This is a false dichotomy. Even if science can't answer those questions subjectively like Goldberg and many others might like (and it can't since science deals in the objective), why should we automatically assume that religion can answer them adequately?

For one thing, there are many mutually contradictory religions, with their own unique answers to these questions. Since at least some of those religions must necessarily be mistaken, then their answers to Sacks' big three questions could also be mistaken. It does no good to try to answer questions like this when your starting from a false foundation. If Yahweh is only a myth, why worry about his dictates any more than those of Zeus?

But even if any religion were true, it's a stretch to think that they would provide meaningful answers to these questions. As I pointed out above, even if Yahweh created the universe, you're left with the problem of where Yahweh came from in the first place, or why he has the characteristics he has. And if you can't answer that, how can you invoke Yahweh to give more than a superficial answer to the question of 'Why am I here?'

There's a very old philosophical point that illustrates the problem with this, the Euthypro Dilemma. It was posed by Plato in Classical Greece, back in the first century BCE, "Is the pious loved by the gods because it is pious, or is it pious because it is loved by the gods?" This is usually brought up in relation to morality, and illustrates the inadequacy of ideas such as Divine Command Theory. Following a god's commands is merely obedience, not true morality. Even if a god was real, that only tells you how to act to avoid the god's judgement, not how to be moral.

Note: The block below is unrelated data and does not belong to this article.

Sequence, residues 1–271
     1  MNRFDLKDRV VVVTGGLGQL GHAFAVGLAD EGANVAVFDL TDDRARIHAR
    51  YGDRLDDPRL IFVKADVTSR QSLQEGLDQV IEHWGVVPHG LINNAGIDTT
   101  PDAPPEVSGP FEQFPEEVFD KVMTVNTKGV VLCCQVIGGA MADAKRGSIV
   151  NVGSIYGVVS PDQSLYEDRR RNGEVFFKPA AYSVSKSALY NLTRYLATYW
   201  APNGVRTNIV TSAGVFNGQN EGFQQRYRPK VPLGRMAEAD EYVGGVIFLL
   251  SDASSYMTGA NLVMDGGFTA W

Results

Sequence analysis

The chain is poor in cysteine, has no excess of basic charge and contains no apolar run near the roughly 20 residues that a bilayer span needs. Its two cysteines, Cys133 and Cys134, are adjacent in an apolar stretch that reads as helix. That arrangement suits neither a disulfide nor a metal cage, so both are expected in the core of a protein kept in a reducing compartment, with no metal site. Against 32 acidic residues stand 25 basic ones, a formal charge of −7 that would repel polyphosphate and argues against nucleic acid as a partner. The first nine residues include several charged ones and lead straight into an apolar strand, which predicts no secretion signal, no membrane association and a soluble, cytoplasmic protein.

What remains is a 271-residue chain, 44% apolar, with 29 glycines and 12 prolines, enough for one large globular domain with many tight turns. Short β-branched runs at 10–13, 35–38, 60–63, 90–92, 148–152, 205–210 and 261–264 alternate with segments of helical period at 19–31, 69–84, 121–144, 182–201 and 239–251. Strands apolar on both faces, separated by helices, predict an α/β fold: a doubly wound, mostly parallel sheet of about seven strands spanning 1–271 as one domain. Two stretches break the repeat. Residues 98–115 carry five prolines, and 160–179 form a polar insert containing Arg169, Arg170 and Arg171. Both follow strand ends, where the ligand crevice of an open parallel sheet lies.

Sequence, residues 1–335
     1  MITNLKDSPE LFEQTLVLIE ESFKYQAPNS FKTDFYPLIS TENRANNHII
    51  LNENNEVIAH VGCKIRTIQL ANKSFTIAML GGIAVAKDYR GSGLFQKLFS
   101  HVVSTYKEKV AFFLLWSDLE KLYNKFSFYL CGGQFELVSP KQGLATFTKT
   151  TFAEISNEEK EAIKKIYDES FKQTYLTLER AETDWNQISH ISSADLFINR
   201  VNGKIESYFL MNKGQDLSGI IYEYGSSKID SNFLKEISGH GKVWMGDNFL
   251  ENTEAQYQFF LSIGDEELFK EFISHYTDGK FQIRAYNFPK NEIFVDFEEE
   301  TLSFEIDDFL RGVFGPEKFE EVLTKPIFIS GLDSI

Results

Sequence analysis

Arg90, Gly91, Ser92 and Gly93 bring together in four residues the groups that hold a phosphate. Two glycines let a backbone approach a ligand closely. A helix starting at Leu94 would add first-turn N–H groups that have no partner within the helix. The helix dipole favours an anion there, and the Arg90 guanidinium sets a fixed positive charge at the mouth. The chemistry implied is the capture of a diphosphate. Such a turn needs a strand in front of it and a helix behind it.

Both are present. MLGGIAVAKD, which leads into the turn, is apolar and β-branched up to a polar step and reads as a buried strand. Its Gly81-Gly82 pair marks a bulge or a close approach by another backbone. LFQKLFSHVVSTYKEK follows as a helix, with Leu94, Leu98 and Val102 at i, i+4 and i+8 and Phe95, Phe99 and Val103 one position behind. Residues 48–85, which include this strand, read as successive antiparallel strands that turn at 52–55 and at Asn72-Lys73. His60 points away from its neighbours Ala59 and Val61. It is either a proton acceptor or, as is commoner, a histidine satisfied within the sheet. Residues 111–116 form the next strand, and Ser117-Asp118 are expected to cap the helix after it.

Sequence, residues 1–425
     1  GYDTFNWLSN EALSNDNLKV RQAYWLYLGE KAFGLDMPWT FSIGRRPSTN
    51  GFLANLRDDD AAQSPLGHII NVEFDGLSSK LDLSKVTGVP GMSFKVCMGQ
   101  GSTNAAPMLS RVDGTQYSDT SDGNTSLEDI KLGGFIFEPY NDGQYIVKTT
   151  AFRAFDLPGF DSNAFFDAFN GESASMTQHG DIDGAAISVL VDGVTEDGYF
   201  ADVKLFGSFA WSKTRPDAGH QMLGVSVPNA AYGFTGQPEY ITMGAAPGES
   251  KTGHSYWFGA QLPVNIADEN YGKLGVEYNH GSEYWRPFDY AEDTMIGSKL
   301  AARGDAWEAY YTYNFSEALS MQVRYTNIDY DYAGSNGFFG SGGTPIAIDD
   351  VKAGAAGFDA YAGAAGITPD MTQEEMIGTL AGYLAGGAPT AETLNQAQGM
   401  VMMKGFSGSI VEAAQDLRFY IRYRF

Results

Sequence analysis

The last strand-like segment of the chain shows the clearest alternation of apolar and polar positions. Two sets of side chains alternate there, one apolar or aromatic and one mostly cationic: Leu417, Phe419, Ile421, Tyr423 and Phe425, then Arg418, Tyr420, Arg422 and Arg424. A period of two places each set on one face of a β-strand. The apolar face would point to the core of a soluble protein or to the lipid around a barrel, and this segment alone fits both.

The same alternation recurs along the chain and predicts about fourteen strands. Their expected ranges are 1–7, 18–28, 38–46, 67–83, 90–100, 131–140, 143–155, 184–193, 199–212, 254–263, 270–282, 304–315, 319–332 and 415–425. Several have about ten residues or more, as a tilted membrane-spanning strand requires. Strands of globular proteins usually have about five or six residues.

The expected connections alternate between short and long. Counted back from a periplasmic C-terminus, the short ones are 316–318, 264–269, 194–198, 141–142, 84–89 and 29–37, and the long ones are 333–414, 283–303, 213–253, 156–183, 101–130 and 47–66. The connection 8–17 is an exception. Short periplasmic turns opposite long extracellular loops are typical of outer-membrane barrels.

Like I said up above, limiting your choices to science and religion in this discussion is a false dichotomy. There's another human endeavor with contributions to the topic - philosophy. Try reading about secular humanism for a way to live ethically and morally without relying on religion.

...I am appalled by the idea, as expressed by Richard Dawkins, that "the universe we observe has precisely the properties we should expect if there is, at bottom, no design, no purpose, no evil, and no good, nothing but blind, pitiless indifference."

Similar to the first statement I critiqued, this is another argument from consequences. Being appalled by an indifferent universe doesn't mean the universe will suddenly start caring about you.

Conversely, now that I've become an atheist, I find this view of the universe more appealing than a theistic view (not that this is a reason to be an atheist, or else I'd be just as guilty of arguing from consequences). If you consider the problem of evil, and all the bad things that happen to good people, it makes you wonder about the nature of any supposed god. I mean, just look at the Ebola outbreak going on right now, and all the suffering it's causing. Understanding that it's a random occurence, and that the people being afflicted are just victims of bad luck, is much easier to take than thinking that some god is letting it all happen, or worse, causing it, and choosing which particular people are in for the worst suffering. And if you consider the Bible to be an accurate portrayal of Yahweh, with both the Old Testament atrocities and the New Testament invention of Hell, then a universe of 'pitiless indifference' is much more comforting than one being ruled by such a petty, vindictive, capricious and cruel being with limitless power.


Overall, Goldberg's article was good. But that one particular paragraph was horrible. It was basically one big argument from consequences, but without really thinking through the consequences as applied to religion. There are tough philosophical questions that we all try to deal with, but there's no reason to assume that religion can answer them.

More Info:

I've dealt with many of these issues previously, so if you're interested, you can read more of my thoughts through the links below. Yes, some of what I wrote here is similar to what I've written in the past, but I just couldn't help myself.

Friday, September 19, 2014

Friday Bible Blogging - Psalms 111 to Psalms 120

This entry is part of a series. For a listing of all entries in the series, go to the Index. Unless otherwise noted, all Bible quotations are from the New Revised Standard Version (NRSV). All headings are links to those Bible chapters.